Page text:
The UNESCO Global Network for Learning Cities (GNLC) consists of cities that learn and that share their learning with other cities in the network.  It is an international policy-oriented network for inspiration, know-how and best practice. GNLC operates under the premise that although every city is unique, when it comes to learning, cities share certain characteristics. Therefore, learning cities at all levels of development can take great advantage by sharing ideas with other cities, as solutions for issues that arise as one learning city develops may already exist in other cities. The UNESCO GNLC supports and improves the practice of lifelong learning in the world’s cities by promoting policy dialog and peer learning among ember cities; forging link; fostering partnerships; providing capacity development; and developing instruments to encourage and recognize progress made in building learning cities.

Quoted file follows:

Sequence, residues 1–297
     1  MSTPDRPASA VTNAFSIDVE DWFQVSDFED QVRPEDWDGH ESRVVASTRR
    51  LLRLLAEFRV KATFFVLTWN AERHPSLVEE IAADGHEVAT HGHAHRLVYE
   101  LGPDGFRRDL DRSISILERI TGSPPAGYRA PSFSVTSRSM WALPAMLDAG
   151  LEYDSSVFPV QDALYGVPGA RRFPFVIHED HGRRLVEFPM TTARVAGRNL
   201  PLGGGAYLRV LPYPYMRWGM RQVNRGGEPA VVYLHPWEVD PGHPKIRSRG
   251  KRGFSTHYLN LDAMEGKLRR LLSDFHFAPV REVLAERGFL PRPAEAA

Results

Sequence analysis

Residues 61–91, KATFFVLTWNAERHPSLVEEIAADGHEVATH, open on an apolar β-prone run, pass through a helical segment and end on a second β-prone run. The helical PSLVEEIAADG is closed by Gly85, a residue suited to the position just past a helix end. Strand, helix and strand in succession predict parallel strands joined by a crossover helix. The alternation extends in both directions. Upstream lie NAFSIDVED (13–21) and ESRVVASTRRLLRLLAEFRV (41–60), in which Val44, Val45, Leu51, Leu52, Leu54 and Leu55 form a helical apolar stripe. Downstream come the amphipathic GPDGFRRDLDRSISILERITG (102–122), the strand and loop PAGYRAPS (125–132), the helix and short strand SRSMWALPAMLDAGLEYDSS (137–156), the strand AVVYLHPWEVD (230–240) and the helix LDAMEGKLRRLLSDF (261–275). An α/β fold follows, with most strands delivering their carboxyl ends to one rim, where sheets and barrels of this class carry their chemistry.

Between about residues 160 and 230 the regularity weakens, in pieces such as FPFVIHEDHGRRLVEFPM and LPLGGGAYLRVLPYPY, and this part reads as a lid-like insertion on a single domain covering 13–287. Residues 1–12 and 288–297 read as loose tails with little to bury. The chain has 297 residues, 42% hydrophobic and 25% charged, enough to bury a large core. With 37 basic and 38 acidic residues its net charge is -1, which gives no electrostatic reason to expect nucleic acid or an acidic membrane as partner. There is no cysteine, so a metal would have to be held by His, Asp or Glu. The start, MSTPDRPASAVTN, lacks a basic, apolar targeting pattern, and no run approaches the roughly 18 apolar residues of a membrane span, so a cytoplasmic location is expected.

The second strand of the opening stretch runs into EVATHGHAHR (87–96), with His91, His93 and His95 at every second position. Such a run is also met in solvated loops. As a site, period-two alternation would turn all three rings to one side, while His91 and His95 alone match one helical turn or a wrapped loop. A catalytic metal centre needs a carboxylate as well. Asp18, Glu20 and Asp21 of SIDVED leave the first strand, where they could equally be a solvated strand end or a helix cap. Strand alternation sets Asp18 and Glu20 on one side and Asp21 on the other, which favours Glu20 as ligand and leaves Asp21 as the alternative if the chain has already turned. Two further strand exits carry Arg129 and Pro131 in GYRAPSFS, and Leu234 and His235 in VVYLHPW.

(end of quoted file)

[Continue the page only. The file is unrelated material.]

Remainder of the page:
Benefits of Being a Member City in GNLC

When a city joins the UNESCO GNLC, it enjoys the following benefits

Receive guidance and support

• Access tools and strategies for developing learning cities.

• Keep up to date on learning city developments.

Be part of a dynamic network

• Exchange information with other learning cities.

• Communicate with a network of experts and professionals.

• Build partnerships.

• Host conferences and meetings.

Enjoy recognition for your efforts

• Share your milestones and inspire other cities.

• Showcase your city.

• Apply for the UNESCO Learning City Award.